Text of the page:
Deer authorisations

Authorisations can allow you to cull deer in situations where you wouldn’t usually have the legal right to shoot them.

NatureScot issues authorisations under the Deer (Scotland) Act 1996, for example to prevent deer damaging the natural heritage.

Authorisations are required to shoot deer:

  • during the closed season - 5(6) authorisation of the Deer (Scotland) Act 1996.
  • at night (i.e. from one hour after sunset until one hour before sunrise) - 18(2) authorisation of the Deer (Scotland) Act 1996.
  • while driving deer with vehicles to take or kill deer for deer management purposes.

Anyone operating under an authorisation – general or specific – should be able to show that no other reasonable means of control would be adequate.

Read our Authorisations Guidance for Practitioners

Changes to deer management legislation

Changes to the Deer (Close Season) (Scotland) Order and the Deer (Firearms etc) (Scotland) Order were passed by the Scottish Parliament on 27 September 2023. These changes affect the law relating to deer management:

  • The change to the Close Season Order removed the close season for all species of male deer in Scotland effective from 21 October 2023. You are no longer required to apply to NatureScot for an Out of Season Authorisation to shoot male deer. Female deer seasons in Scotland remain unchanged and you will still be required to apply for an Out of Season Authorisation (5(6) to shoot female deer and / or operate within the parameters set out under the General Authorisation.
  • The change to the Firearms Order came into effect on 3 November 2023 and allows the use of any ‘sight of any type including light-intensifying, heat-sensitive or other special sighting device for night shooting’. Note that these sights can also be used in daytime and includes the use of thermal imaging, night vision and digital sights. You will still need to apply for an Authorisation (18(2) to shoot deer at night.
  • The change to the Firearms Order also means a reduction in the minimum bullet weight required to shoot red, sika and fallow deer to 80 grains (5.3 grams). This allows a greater choice of non-lead bullet types in common rifle calibres to be used. The minimum requirement of a muzzle energy of 1750 foot pounds and muzzle velocity of 2450 ft/sec still apply. There is no change to the minimum requirements for bullet weight, muzzle energy and muzzle velocity to shoot roe deer.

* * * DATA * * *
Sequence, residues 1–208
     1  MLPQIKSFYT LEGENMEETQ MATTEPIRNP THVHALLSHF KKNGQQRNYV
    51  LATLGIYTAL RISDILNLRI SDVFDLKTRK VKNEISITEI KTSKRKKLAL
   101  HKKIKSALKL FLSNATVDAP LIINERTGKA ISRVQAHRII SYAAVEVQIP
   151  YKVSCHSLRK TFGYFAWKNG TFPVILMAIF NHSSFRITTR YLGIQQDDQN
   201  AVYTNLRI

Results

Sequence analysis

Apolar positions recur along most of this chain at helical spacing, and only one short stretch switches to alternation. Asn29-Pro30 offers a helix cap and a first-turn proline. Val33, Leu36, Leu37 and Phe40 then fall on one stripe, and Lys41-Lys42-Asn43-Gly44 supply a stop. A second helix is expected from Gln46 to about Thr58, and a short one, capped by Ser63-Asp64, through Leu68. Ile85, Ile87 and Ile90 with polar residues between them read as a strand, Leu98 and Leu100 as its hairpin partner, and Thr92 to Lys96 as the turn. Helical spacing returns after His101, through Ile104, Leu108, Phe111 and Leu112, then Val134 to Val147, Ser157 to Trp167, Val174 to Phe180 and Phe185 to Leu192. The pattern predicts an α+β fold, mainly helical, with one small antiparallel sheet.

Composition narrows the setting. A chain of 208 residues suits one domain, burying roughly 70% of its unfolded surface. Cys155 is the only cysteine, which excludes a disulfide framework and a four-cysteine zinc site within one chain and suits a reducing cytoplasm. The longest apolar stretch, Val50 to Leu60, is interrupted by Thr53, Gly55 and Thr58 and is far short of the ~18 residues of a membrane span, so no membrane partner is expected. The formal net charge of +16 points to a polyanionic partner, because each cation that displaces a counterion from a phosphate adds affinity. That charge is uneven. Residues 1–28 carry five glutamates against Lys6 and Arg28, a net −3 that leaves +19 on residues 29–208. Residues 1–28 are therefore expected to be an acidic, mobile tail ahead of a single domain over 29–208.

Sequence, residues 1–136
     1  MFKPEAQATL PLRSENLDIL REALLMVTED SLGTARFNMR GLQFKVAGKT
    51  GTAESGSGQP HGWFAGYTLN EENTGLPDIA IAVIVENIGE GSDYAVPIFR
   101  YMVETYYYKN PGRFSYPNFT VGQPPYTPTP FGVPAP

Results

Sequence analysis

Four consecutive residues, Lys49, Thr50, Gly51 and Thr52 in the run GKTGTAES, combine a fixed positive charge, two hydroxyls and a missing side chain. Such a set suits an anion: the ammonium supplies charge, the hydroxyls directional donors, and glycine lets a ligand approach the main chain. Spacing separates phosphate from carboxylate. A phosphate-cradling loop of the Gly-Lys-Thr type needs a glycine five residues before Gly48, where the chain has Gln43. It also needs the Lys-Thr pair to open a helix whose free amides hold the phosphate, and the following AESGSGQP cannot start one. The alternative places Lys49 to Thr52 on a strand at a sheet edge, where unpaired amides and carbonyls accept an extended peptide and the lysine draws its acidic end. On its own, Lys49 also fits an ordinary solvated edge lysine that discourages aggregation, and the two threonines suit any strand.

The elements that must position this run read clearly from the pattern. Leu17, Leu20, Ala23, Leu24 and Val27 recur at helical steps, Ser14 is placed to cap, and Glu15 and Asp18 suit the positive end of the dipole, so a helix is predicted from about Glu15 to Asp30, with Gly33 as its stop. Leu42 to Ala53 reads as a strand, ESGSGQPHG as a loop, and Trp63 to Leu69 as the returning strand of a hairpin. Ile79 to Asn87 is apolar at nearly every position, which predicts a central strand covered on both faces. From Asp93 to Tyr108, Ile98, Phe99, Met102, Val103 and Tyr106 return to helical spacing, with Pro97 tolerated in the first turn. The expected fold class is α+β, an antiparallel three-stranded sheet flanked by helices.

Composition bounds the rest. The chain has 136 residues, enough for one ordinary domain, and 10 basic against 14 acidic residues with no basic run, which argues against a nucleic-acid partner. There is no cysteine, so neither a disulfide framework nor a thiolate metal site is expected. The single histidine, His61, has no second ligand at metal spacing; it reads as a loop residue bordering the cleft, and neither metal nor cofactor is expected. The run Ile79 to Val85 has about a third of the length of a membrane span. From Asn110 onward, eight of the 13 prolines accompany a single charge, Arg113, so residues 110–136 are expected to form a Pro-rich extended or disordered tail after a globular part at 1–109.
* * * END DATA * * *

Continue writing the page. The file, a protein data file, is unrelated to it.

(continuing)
The Wild Deer Best Practice Group has drafted new guidance and the night shooting code of practice has been updated to reflect these changes. These are available on the Wild Deer Best Practice Group webpages.

General authorisation for deer

General Authorisation for 2023/24: For the taking or killing of deer during close season

The general authorisation allows occupiers suffering damage to improved agricultural land or enclosed woodland to control deer in the closed season.

But be aware: the general authorisation does not allow the culling of female deer over one year old, of any species, anywhere, between 1 April and 31 August. You must apply for a specific authorisation to do so.

You don’t need to apply to use the general authorisation. But you must be sure that you carry out any control entirely in accordance with the conditions.

For example, ‘enclosed land’ as defined by the Deer Act means enclosed by a stock-proof fence or other barrier.

Abuse of, or failure to comply with, the conditions of the general authorisation could constitute an offence.

Read about: Authorisations under the Deer (Scotland) Act 1996: Guidance for Forestry Companies

Specific authorisations: how to apply

Fill in the relevant application form and email it to [email protected]. Please note all of our deer forms have been updated and we will no longer accept any out of date forms.

Authorisation Application – Night shooting (18/2) and close season (5/6) shooting

Authorisation Application – To control female deer between 1 April and 31 August

Proposed controller/s and firearm certificate details – continuation sheet

Control areas to which this authorisation is applicable – continuation sheet


Collaboration and consultation between the various interests on any given piece of land is highly desirable.

All possible steps should be taken to ensure an effective dialogue between owner, occupier(s), sporting tenants, controllers, neighbours and the local deer management group.

Longer-term problems may be more effectively addressed by working with other deer managers in the area than by resorting to authorisations.

Find out more

Deer management in Scotland - Frequently Asked Questions


If you already have a licence number, include it in the subject line of your email, or have it to hand when you call.

Licensing Team

01463 725364

[email protected]

Last updated: